VANCOUVER: The death of an ill senior who lived inside a 24-hour Tim Hortons is drawing new attention to Vancouver’s housing crisis and raising questions about health supports for homeless people.
Friends say the man in his 70s, who they knew only as Ted, was a kind and easygoing guy who began sleeping, eating and spending all his time in the coffee shop about 10 years ago. He had cancer and appeared to be hallucinating the day before he died on May 31, said his friend John Bingham.
“He looked pretty rough,” said Bingham, who sleeps outside the Tim Hortons, adding he had never seen Ted hallucinate in the decade he’d known him.
“I think he was getting ready to go, to pass on. … He’s saying things that he never said before.”
Staff at the Tim Hortons became concerned about the man’s health and called 911 for assistance, the company said in a statement. It’s reviewing the details of the incident, but restaurant owners and their teams have full discretion to take any steps necessary to help guests who need medical assistance, it said.
“Like other members of the community, we were saddened to hear this news. The individual was a regular at the restaurant and will be missed,” the statement said.
Two ambulances responded to a report of a cardiac arrest at the coffee shop at 4 a.m., said Amy Robertson, a communications officer with British Columbia Emergency Health Services. Paramedics performed CPR until 4:45 a.m., when he was transported to hospital in critical condition, she said.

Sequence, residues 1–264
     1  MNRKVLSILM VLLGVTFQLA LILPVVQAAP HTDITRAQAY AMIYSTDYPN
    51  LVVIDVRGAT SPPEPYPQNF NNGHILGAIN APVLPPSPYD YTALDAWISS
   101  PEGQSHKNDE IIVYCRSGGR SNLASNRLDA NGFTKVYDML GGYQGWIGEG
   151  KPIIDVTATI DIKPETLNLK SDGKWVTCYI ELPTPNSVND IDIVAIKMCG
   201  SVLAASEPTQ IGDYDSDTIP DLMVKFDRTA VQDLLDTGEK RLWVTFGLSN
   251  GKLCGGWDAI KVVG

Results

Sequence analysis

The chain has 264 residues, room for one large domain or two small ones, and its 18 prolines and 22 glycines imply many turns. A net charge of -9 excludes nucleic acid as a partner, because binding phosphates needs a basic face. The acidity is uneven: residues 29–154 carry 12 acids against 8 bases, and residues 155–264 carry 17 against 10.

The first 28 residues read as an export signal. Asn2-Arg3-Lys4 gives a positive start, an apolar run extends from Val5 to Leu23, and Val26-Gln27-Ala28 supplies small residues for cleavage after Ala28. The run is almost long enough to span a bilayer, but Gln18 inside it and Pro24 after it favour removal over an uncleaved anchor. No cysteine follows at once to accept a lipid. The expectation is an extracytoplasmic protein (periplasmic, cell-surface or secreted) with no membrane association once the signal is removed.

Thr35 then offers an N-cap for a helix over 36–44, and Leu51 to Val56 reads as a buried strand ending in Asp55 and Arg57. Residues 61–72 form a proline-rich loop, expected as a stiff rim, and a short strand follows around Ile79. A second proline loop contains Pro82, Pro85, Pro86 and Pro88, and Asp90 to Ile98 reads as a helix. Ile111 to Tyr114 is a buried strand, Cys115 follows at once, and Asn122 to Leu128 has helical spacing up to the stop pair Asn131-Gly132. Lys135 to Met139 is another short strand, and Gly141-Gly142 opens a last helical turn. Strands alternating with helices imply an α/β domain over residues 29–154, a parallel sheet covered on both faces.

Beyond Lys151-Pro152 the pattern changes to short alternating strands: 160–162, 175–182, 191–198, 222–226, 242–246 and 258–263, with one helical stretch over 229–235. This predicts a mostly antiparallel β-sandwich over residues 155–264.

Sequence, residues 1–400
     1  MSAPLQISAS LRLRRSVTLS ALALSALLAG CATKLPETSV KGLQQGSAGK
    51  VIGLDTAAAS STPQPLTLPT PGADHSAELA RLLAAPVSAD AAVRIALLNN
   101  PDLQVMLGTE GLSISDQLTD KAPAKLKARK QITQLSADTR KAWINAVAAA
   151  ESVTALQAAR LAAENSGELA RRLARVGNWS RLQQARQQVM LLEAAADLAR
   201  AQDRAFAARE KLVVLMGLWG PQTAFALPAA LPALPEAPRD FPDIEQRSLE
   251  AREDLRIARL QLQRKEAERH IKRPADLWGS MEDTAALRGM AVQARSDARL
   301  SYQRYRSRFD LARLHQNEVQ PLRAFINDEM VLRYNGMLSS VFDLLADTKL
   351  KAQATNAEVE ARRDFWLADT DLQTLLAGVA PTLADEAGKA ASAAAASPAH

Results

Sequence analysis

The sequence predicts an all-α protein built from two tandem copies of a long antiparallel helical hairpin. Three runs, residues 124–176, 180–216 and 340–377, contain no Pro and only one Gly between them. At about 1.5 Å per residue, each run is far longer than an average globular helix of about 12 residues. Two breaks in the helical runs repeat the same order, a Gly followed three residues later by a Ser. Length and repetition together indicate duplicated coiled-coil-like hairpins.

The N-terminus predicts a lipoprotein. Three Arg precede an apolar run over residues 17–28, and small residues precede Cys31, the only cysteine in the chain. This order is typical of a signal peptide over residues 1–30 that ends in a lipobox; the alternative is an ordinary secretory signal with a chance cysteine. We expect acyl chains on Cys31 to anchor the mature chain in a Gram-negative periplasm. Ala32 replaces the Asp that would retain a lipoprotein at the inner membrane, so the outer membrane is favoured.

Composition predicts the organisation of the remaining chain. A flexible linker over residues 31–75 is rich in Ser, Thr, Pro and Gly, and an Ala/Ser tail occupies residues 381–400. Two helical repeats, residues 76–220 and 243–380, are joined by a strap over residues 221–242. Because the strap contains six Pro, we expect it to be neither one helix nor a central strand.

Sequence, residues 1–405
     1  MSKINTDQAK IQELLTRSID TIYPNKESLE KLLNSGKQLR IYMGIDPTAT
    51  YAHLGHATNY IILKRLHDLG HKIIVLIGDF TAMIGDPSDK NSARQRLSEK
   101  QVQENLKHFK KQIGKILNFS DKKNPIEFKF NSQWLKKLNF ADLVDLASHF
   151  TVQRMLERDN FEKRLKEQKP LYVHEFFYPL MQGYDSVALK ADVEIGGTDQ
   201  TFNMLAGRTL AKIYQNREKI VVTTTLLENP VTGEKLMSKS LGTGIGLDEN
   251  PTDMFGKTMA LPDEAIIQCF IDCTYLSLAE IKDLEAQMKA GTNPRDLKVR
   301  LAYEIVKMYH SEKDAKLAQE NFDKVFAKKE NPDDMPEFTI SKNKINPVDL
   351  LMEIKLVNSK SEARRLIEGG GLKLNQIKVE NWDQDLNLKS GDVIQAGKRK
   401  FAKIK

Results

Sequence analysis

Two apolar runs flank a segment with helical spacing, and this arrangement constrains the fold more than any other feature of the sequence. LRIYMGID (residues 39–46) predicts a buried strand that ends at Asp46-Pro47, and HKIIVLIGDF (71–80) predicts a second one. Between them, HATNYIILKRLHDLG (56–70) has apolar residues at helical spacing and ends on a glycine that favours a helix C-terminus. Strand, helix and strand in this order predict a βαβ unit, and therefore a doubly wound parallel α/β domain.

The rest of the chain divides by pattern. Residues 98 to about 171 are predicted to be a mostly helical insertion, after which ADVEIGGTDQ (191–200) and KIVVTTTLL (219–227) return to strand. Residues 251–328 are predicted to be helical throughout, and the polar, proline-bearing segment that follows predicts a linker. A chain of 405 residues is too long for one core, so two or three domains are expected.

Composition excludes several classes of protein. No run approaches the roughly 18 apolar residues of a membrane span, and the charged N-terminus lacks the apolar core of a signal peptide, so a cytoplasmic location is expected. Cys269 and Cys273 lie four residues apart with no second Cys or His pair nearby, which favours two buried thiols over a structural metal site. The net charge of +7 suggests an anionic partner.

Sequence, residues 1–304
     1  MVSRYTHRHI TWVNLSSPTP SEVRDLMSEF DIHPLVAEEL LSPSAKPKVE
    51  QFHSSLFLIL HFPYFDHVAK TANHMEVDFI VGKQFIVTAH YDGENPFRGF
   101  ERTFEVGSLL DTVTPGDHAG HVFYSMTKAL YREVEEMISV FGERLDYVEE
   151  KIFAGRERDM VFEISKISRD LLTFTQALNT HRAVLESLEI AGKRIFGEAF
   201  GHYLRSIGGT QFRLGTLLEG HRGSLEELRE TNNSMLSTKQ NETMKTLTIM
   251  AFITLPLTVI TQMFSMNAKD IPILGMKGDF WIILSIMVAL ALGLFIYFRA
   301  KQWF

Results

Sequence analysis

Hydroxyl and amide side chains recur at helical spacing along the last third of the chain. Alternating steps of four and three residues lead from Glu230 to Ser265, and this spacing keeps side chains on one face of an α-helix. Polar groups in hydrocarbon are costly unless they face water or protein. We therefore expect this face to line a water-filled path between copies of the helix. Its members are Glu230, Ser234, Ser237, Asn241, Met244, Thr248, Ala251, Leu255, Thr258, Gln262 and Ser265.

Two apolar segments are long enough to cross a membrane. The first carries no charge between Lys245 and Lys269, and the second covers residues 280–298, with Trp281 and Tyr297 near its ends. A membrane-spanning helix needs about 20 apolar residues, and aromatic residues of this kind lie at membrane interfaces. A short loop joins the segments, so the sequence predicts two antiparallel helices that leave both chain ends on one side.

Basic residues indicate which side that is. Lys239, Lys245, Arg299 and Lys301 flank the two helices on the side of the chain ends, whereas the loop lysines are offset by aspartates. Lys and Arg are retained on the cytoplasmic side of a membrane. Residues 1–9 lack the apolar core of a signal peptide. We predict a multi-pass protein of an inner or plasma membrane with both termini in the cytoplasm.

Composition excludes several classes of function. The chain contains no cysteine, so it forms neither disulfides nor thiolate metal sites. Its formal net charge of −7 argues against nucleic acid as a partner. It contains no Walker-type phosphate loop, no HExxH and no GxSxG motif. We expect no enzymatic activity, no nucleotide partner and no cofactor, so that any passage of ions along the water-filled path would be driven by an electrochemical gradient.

The BC Coroners Service said it was aware of a death involving a man who was transported to hospital after being found at a Tim Hortons. But it only investigates sudden and unexpected deaths, not those of natural causes.
Ted was a retired low-wage worker who struggled to make ends meet on a basic government pension, said Judy Graves, an advocate for the homeless.
“He was very, very poor. He couldn’t afford housing. He was, like most of us would be, afraid to go into the Downtown Eastside where most of the shelters are,” she said. “He decided to maintain his dignity by living as much as he possibly could at Tim Hortons.”
It’s inexpensive to stay in 24-hour restaurants over long periods of time, and possible to blend in with other customers, which was important to him, she said.
Graves said Ted’s cancer was terminal but the health care system isn’t set up to help the homeless. They have no home in which to recuperate after they’re discharged, she said.
“I’m nothing but grateful to that Tim Hortons that they actually have let Ted rest there,” she said. “They definitely added to his survival. He would not have survived for so long had he been living outside.”
Ted was a happy and funny person who loved coffee and cigarettes, and often chatted with customers who passed by his table, Bingham said.
Bingham was sleeping outside when the paramedics arrived at 4 a.m. There was a lot of commotion, and he heard a paramedic say Ted had suffered a heart attack, but he decided against going inside to see his friend.
“I just wanted to have a memory of him when he was still alive,” he said. “He was a good character. A good person. He was a grumpy-looking guy but he was a really good guy.”
Bingham, 50, said he’s been sleeping outside the Tim Horton’s for 20 years. He urged people in Vancouver to show more empathy to the city’s homeless population.
“They should know that they’re one paycheque away from being out here, too. They should put their brakes on and take a look at reality,” he said.
“Because when it hits you, that’s when you realize, maybe you should have been different, maybe you should have done things different. But people don’t usually do that until it happens.”